Radioactive dating game answers
As a member, you'll also get unlimited access to over 55,000 lessons in math, English, science, history, and more.Plus, get practice tests, quizzes, and personalized coaching to help you succeed.A swimming race is a familiar situation that illustrates the simple principles involved in measuring time.Once we understand what we actually need to do we can apply the same principles to radioactive dating, and see if the methods do what they are claimed to do.The ratio of "N/N Carbon-14 is a radioisotope formed in our atmosphere by the bombardment of nitrogen-14 by cosmic rays.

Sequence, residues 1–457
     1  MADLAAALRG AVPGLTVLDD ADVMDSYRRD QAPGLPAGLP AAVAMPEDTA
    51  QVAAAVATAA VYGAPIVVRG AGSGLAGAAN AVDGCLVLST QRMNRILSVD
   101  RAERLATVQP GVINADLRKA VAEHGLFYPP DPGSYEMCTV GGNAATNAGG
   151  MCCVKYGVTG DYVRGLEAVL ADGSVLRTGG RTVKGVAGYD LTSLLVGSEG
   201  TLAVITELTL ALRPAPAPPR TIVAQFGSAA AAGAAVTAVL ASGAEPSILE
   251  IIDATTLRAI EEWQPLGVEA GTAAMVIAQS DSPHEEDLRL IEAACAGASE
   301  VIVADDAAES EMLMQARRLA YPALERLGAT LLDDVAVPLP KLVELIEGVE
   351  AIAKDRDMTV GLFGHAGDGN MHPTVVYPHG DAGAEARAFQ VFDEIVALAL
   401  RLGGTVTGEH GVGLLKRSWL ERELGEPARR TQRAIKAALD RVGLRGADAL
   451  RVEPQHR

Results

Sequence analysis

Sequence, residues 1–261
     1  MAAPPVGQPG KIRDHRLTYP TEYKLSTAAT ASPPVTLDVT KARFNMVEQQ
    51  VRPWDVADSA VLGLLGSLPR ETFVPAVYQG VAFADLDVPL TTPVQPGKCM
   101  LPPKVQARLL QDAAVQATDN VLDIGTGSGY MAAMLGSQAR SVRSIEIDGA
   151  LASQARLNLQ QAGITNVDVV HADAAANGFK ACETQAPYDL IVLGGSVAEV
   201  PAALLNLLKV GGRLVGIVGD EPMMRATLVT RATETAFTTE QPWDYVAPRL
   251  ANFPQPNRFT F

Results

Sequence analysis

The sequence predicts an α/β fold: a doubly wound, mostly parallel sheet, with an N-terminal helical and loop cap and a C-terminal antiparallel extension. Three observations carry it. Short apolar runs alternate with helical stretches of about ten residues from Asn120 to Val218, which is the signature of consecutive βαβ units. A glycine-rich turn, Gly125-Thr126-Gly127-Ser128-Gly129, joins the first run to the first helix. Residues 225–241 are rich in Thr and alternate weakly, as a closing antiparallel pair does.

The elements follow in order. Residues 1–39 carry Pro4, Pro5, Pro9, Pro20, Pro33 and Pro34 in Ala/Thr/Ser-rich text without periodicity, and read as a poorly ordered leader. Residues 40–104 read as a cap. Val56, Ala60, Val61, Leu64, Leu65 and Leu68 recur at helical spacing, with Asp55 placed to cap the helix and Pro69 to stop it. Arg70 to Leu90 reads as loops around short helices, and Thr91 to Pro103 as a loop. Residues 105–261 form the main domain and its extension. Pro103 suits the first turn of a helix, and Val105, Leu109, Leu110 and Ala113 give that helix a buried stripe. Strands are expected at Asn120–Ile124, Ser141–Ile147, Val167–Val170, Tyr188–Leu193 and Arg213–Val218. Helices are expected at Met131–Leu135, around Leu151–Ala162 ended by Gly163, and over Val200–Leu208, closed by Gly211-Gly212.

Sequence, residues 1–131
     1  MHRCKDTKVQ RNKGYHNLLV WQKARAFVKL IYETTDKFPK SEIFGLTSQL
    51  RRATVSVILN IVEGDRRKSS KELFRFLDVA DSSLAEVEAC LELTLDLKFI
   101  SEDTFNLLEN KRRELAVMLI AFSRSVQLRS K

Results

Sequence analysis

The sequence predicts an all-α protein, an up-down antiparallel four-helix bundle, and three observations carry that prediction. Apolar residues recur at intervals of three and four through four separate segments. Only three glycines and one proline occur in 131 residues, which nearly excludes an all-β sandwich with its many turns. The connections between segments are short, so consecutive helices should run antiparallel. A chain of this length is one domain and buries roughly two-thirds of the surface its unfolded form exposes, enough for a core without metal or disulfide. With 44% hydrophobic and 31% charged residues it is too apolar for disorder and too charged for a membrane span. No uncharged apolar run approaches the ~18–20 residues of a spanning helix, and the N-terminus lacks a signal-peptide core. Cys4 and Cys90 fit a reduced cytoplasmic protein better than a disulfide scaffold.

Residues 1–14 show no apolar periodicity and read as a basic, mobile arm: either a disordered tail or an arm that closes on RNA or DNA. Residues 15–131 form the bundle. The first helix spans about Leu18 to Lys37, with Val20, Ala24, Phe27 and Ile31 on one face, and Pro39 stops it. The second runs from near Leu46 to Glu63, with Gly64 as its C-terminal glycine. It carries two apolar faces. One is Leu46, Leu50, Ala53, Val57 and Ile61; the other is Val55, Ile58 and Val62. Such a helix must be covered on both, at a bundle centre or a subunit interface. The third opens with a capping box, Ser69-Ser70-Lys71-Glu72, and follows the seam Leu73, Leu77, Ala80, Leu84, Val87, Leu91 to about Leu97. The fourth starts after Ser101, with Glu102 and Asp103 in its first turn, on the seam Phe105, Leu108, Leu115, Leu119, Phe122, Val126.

The thing that makes this decay process so valuable for determining the age of an object is that each radioactive isotope decays at its own fixed rate, which is expressed in terms of its half-life.
We can apply our knowledge of first order kinetics to radioactive decay to determine rate constants, original and remaining amounts of radioisotopes, half-lives of the radioisotopes, and apply this knowledge to the dating of archeological artifacts through a process known as carbon-14 dating.
, where r is a measurement of the rate of decay, k is the first order rate constant for the isotope, and N is the amount of radioisotope at the moment when the rate is measured.
The carbon-14 it contained at the time of death decays over a long period of time.
By measuring the amount of carbon-14 left in dead organic material the approximate time since it died can be worked out.
Picture a swimmer competing in a 1,500 metre race and an observer with an accurate wristwatch.